The Turkish military, which did not confirm the plane's origin, said it had been warned 10 times in the space of five minutes about violating Turkish airspace.
Turkish fighter jets shot down a Russian-made warplane near the Syrian border on Tuesday after repeatedly warning it over air space violations, Turkish officials said, but Moscow said it could prove the jet had not left Syrian air space.
Turkish presidential sources said the warplane was a Russian-made SU-24. The Turkish military, which did not confirm the plane's origin, said it had been warned 10 times in the space of five minutes about violating Turkish airspace.
Russia's defence ministry said one of its fighter jets had been downed in Syria, apparently after coming under fire from the ground, but said it could prove the plane was over Syria for the duration of its flight, Interfax news agency reported.
Turkish President Tayyip Erdogan was briefed by the head of the military, while Prime Minister Ahmet Davutoglu ordered consultations with NATO, the United Nations and related countries, their respective offices said.
The Syrian Observatory for Human Rights monitoring group said the warplane crashed in a mountainous area in the northern countryside of Latakia province, where there had been aerial bombardment earlier and where pro-government forces have been battling insurgents on the ground.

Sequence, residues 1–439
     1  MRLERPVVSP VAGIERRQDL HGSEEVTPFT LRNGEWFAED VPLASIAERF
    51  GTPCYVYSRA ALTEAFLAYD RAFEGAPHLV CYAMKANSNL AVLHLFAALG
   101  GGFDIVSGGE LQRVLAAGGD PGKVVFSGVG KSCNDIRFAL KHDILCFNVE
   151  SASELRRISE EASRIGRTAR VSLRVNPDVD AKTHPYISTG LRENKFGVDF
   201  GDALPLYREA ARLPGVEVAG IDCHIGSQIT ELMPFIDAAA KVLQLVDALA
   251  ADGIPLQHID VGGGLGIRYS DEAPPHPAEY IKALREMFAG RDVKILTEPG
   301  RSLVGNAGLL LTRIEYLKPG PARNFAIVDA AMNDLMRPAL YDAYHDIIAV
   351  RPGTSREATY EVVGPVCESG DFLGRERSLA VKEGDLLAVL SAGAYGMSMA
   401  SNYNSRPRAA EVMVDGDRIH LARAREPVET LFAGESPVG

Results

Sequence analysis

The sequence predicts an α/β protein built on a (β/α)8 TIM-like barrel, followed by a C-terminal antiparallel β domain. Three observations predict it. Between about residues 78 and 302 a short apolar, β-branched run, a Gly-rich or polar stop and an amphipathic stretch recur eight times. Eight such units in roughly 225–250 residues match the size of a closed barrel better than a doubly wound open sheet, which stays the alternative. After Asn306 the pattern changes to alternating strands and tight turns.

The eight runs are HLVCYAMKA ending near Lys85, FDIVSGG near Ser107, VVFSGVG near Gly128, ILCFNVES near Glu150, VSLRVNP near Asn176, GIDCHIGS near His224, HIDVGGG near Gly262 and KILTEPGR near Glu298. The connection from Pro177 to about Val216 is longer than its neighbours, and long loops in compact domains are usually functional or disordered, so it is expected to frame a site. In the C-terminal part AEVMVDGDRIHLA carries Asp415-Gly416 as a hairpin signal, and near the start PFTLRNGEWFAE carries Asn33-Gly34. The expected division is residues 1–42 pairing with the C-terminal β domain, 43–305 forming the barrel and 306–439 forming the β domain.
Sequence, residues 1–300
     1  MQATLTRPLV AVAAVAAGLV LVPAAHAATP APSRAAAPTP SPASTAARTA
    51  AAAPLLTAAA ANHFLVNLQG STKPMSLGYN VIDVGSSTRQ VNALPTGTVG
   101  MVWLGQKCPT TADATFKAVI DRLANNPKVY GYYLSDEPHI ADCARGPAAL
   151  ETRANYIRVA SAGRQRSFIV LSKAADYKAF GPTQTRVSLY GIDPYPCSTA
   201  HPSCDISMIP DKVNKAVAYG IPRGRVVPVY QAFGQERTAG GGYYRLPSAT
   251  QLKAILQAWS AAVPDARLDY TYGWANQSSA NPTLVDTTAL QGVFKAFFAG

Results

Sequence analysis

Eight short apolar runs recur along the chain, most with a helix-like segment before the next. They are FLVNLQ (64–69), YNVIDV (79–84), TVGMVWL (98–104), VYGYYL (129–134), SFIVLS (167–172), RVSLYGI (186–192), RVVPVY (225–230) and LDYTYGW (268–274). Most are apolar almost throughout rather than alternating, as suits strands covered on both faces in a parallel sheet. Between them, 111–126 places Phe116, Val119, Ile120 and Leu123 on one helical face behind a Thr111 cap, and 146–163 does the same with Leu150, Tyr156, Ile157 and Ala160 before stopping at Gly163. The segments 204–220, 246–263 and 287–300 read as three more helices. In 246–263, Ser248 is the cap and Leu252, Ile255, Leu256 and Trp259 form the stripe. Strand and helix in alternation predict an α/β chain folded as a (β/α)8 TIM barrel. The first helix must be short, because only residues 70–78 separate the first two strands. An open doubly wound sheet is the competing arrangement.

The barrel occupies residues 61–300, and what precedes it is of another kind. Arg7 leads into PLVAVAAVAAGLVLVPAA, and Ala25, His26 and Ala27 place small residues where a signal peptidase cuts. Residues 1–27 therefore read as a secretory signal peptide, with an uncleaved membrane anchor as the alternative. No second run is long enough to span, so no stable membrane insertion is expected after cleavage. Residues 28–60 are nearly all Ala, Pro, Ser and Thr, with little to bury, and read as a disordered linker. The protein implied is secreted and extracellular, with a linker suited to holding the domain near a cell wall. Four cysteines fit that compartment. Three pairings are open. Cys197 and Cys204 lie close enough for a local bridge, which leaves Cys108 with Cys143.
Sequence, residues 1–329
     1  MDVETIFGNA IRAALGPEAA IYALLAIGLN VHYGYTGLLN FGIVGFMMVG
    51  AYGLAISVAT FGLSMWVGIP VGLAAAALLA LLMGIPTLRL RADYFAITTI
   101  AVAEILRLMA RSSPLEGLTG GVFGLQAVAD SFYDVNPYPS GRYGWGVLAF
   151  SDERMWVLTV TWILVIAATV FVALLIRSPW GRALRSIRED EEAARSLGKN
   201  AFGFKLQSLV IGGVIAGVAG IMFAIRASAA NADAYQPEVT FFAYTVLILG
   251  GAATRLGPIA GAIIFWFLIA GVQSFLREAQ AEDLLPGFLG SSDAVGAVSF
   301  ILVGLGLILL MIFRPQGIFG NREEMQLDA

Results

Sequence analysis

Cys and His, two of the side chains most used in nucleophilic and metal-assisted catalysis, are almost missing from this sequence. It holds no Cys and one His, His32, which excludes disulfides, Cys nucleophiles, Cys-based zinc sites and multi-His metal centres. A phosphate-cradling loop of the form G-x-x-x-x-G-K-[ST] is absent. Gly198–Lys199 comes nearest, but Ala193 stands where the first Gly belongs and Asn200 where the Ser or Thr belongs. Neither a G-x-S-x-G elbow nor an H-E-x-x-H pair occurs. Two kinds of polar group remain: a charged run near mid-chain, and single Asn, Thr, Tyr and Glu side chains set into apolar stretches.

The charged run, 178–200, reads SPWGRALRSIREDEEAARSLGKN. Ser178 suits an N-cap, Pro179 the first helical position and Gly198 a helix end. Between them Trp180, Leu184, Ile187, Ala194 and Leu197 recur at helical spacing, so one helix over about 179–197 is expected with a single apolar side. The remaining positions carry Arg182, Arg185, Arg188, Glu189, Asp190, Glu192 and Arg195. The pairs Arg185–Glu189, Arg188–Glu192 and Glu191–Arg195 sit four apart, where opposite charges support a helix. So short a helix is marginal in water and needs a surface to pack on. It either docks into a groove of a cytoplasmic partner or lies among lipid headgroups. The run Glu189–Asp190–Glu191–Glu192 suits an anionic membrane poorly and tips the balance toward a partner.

Both Russia and its ally, Syria's government, have carried out strikes in the area. A Syrian military source said the reported downing was being investigated.
Footage from private Turkish broadcaster Haberturk TV showed the warplane going down in flames in a woodland area, a long plume of smoke trailing behind it. The plane went down in area known by Turks as "Turkmen Mountain", it said.
Separate footage from Turkey's Anadolu Agency showed two pilots parachuting out of the jet before it crashed.
One of the pilots was in the hands of Turkmen forces in Syria who were searching for the other pilot, broadcaster CNN Turk reported, citing local sources.
Turkey called this week for a U.N. Security Council meeting to discuss attacks on Turkmens in neighbouring Syria, and last week Ankara summoned the Russian ambassador to protest the bombing of their villages.
Ankara has traditionally expressed solidarity with Syrian Turkmens, who are Syrians of Turkish descent.
About 1,700 people have fled the mountainous Syrian area to the Turkish border as a result of fighting in the last three days, a Turkish official said on Monday. Russian jets have bombed the area in support of ground operations by Syrian government forces.